5 #Subtips For Writers

As an editor and now as an author, I know it can be tough to write a great manuscript, write yet another one, slog through the query trenches, go through edits, release that book into the wild, and still keep your sanity. I tweet on my #subtips hashtag on Twitter to share thoughts and tips as I learn them, but several things keep coming up in the slush and with my clients as I edit. So, here’s some of my advice for those most common issues:

1) Keep writing. When you’re querying, when you’re on submission, when you’re waiting, keep writing. Having another project to put your energy into is a great way to help balance the nerves, time, and stress that goes along with publishing. Plus, if you decide to shelve that first manuscript, you’ll be well on your way to having a new one completed, and if you do land an agent/book deal, having another project nearly ready is great.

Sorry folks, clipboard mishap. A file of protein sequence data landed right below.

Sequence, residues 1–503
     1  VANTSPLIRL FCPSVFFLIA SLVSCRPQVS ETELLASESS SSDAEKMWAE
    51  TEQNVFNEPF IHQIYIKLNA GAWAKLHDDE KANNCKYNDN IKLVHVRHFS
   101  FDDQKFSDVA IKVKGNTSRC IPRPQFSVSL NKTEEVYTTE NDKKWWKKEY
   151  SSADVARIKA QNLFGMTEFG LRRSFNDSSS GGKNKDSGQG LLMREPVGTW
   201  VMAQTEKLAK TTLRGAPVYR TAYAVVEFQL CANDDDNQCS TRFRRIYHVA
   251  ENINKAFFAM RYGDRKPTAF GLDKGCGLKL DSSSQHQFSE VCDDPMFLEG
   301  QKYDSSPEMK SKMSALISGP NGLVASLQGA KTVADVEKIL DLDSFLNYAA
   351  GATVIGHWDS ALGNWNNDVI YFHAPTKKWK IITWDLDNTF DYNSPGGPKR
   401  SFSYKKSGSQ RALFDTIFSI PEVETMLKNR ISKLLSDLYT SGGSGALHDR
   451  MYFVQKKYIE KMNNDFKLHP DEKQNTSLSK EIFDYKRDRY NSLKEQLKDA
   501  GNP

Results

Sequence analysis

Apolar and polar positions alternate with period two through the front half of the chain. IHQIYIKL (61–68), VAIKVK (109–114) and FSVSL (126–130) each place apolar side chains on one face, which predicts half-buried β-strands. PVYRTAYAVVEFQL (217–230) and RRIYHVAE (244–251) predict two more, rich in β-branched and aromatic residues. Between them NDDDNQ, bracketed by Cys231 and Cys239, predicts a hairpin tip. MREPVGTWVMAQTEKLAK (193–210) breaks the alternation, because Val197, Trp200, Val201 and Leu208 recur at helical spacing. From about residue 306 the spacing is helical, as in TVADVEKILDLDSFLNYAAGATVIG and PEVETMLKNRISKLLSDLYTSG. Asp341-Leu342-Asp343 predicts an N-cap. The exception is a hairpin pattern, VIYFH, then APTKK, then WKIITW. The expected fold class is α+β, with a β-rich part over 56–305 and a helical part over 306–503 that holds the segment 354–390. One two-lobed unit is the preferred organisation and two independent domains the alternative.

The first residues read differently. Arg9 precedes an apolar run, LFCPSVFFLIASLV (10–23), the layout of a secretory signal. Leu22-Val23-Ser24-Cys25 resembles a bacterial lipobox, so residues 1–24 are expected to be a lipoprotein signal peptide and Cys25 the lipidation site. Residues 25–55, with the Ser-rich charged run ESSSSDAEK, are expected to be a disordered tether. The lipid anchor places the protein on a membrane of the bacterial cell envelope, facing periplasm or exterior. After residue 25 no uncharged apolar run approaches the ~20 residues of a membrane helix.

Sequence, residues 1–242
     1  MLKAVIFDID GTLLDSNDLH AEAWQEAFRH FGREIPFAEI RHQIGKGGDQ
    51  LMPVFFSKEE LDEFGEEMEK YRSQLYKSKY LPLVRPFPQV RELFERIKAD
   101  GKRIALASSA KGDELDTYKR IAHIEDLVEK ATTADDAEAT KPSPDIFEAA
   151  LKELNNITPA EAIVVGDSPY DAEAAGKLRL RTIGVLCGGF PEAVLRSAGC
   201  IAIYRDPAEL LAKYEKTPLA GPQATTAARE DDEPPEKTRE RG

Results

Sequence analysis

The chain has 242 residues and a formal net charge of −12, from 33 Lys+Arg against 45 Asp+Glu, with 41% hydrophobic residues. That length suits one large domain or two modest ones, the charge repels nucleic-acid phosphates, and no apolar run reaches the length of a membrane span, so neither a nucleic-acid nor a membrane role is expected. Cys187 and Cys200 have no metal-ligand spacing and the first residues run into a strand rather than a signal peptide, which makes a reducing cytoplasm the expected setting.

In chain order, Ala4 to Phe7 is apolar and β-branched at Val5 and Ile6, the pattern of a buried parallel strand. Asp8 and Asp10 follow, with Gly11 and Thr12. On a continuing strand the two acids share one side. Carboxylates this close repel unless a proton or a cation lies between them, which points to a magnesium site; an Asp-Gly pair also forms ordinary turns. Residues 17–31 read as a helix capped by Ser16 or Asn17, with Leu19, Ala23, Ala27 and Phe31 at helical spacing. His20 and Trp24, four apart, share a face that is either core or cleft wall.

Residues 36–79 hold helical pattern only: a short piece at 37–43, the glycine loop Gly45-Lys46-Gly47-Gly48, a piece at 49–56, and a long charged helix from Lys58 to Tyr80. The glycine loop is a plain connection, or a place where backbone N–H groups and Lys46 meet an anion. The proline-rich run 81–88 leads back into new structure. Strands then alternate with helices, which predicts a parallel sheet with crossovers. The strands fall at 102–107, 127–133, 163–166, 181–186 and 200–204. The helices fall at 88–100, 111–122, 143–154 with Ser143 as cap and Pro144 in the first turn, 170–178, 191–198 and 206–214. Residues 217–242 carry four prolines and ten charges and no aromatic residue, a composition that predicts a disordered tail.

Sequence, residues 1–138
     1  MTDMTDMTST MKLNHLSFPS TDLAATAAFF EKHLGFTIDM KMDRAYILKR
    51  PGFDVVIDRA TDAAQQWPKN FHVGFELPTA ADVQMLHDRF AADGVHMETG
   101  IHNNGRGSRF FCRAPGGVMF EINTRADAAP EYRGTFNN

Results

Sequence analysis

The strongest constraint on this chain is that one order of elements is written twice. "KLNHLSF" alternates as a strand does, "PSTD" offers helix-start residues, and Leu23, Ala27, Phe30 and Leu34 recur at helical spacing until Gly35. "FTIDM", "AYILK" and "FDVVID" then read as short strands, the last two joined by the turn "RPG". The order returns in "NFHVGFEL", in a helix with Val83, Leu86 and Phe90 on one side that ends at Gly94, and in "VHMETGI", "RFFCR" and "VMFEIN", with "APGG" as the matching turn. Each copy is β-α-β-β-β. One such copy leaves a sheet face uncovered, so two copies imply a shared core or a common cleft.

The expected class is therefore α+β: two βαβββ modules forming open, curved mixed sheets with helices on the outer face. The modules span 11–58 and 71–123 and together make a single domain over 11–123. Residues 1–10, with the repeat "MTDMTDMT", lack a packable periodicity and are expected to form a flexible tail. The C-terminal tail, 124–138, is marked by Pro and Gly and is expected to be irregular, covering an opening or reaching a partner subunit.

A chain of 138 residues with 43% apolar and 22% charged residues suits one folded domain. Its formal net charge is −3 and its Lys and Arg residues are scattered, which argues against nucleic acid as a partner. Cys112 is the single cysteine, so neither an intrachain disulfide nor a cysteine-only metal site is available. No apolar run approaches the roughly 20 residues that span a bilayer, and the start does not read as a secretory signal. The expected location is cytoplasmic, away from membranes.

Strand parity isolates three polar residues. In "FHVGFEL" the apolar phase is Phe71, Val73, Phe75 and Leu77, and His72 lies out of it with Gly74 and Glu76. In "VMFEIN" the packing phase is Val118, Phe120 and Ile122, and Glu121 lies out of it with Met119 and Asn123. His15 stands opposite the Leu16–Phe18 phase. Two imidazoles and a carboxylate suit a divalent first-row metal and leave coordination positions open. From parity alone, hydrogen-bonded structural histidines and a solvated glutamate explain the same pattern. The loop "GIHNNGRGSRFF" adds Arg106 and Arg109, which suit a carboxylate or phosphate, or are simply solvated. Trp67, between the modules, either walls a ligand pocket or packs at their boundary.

2) Trust your ability to rewrite. Holding too tightly to sentences and paragraphs and ideas in my manuscripts held me back more than almost anything else. Someone once told me that if I can write one good line, I can scrap it and write another, and if I can have one good idea, I can come up with a second. Skill and talent aren’t accidents you can’t repeat. Doing what’s best for the story and the prose and not keeping myself locked in to something just because I’m proud of it is essential to being a good writer. That’s been a huge factor in reducing the stress of revisions. If you’ve done it once, you can do it again.

3) Don’t expect your first draft to be magical. Don’t get discouraged when you’re drafting if you’re not seeing magic happen. That magical touch and those insightful moments you see in great books aren’t magic at all. They’re the result of blood and sweat. First drafts are limp and flat and awkward—that’s normal. The depth and layers come as you revise. And revise. And revise.